Jacksonville Jaguars offensive lineman Luke Bowanko flexes during a recent game against the Houston Texans. The Jaguars' upcoming game against the Buffalo Bills will be streamed live on Yahoo! this Sunday. Sam Greenwood/Getty Images

It doesn’t matter which screen they’re on -- NFL games are irresistible to advertisers. More than 30 sponsors have signed on as sponsors for Yahoo’s first NFL game live stream, including American Express, Microsoft, Snickers and Toyota.

"We’ve created a new way for viewers to enjoy one of their favorite sports live,” Yahoo's chief revenue officer, Lisa Utzschneider, said in a statement. "We're thrilled to have some of the world’s top brands working with Yahoo to engage NFL fans around this historic live stream."

When an advertiser decides to shell out for a spot during a football game, they do so knowing they are paying for an enormous audience. Forty-five of the 50 highest-rated television broadcasts last year were NFL games, and despite ongoing worry and questions about the sport’s safety, the sport’s popularity has endured this year. Ratings for "Thursday Night Football," which recently made the move to CBS after spending a few years on the NFL Network, are up 16 percent this year, according to CBS and Nielsen.

Advertisers can select global or U.S. only advertising to reach the most attractive audiences for their brand and messaging. Beyond the live stream, advertising partners can leverage Yahoo’s demographic and viewership data for retargeting at scale to engage their audiences with display, video, native and search advertising across Yahoo’s properties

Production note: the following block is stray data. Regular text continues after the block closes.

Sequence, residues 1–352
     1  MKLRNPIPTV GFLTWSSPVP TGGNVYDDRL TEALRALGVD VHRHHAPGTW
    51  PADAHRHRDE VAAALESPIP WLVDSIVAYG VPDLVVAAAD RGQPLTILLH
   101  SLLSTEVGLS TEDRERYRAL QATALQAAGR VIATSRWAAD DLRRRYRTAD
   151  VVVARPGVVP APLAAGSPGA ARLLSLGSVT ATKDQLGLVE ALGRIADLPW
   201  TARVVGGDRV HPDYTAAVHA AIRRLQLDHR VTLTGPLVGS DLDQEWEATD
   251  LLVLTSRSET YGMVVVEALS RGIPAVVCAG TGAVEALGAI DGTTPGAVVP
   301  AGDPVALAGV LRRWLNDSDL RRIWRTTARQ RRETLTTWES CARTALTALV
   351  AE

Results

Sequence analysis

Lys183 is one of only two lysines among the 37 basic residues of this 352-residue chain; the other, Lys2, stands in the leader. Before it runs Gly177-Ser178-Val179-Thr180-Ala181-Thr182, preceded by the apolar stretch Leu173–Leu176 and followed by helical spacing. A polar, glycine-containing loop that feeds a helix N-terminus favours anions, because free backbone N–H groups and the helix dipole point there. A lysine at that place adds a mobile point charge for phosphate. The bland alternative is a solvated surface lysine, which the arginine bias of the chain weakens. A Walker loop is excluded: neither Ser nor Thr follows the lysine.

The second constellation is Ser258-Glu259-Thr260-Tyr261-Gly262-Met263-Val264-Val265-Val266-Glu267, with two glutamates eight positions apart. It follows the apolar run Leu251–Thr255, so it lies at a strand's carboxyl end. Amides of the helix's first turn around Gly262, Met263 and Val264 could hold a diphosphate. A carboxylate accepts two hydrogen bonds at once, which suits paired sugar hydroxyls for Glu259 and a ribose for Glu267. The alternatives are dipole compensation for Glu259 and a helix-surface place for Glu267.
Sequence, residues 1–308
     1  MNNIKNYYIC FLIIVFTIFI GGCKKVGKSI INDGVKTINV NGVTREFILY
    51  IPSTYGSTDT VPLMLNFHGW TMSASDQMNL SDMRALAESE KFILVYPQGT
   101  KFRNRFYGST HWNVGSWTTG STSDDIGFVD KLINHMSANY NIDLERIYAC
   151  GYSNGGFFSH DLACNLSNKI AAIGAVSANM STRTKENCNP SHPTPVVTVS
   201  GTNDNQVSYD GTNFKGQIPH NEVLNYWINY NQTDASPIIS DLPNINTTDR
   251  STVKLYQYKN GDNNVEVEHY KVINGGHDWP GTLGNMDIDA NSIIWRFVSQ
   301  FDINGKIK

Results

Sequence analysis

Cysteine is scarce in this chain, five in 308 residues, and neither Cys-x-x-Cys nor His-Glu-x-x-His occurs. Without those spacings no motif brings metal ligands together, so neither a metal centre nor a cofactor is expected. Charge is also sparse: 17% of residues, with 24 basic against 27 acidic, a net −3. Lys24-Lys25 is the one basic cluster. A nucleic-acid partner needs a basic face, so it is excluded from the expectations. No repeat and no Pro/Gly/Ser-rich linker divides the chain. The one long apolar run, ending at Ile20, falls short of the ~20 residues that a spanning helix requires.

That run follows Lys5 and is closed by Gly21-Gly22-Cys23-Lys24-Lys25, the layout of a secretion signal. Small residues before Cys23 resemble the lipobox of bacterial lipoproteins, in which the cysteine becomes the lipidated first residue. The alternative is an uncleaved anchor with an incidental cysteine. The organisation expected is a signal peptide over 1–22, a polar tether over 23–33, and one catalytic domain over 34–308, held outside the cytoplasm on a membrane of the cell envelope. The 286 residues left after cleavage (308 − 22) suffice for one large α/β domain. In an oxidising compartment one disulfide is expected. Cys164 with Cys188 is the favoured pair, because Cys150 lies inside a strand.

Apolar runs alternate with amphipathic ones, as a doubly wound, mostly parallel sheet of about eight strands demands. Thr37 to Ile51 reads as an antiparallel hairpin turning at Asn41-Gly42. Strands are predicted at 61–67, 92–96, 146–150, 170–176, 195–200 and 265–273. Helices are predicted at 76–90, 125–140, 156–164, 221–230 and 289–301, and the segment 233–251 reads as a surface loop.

Sunday’s Buffalo Bills-Jacksonville Jaguars tilt was unlikely to be a massive audience draw. In addition to a time difference problem -- the game, which will be played in London’s Wembley Stadium, is set to kick off at 9 a.m. EDT -- it is not exactly a marquee matchup. The Jaguars have not qualified for the postseason since 2007, and the Bills, who currently sit in third place in their division, have not played in a playoff game since January 2000. Unnamed sources told Reuters that Yahoo guaranteed sponsors 3.5 million streams within the United States. If Yahoo doesn’t hit that mark, it will make up the difference by serving ads to that audience across other Yahoo video content.

But what Sunday’s game lacks in sheer numbers will be made up, Yahoo contends, with the chance to target a desirable audience with a level of precision absent from traditional broadcast television. Sponsors that signed up for Sunday’s game will also be able to leverage Yahoo’s demographic and viewership data to advertise across a number of different digital formats, including display, video, native and search advertising, which reach more than 1 billion people every month.

No matter who wins on Sunday, Yahoo is feeling some pressure to frame itself as a winner here. The company's stock rose this summer after announcing it had won the rights to stream the game, but it has struggled to make hay from its investments in content. The company announced this week it lost $42 million on "Community" and two other original series; its shares are down 16 percent over the past year.